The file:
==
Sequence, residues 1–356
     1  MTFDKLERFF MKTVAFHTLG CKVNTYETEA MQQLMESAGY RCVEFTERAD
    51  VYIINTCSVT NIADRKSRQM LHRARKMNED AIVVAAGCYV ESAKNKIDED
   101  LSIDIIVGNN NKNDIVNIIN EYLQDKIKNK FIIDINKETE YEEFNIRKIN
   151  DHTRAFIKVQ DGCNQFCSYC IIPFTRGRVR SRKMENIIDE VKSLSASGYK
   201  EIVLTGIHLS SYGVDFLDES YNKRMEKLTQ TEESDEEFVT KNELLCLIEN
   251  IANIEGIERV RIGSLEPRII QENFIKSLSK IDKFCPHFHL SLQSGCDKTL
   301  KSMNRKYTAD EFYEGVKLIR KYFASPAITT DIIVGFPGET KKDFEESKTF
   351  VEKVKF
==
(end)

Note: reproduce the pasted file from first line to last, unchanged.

Sequence, residues 1–356
     1  MTFDKLERFF MKTVAFHTLG CKVNTYETEA MQQLMESAGY RCVEFTERAD
    51  VYIINTCSVT NIADRKSRQM LHRARKMNED AIVVAAGCYV ESAKNKIDED
   101  LSIDIIVGNN NKNDIVNIIN EYLQDKIKNK FIIDINKETE YEEFNIRKIN
   151  DHTRAFIKVQ DGCNQFCSYC IIPFTRGRVR SRKMENIIDE VKSLSASGYK
   201  EIVLTGIHLS SYGVDFLDES YNKRMEKLTQ TEESDEEFVT KNELLCLIEN
   251  IANIEGIERV RIGSLEPRII QENFIKSLSK IDKFCPHFHL SLQSGCDKTL
   301  KSMNRKYTAD EFYEGVKLIR KYFASPAITT DIIVGFPGET KKDFEESKTF
   351  VEKVKF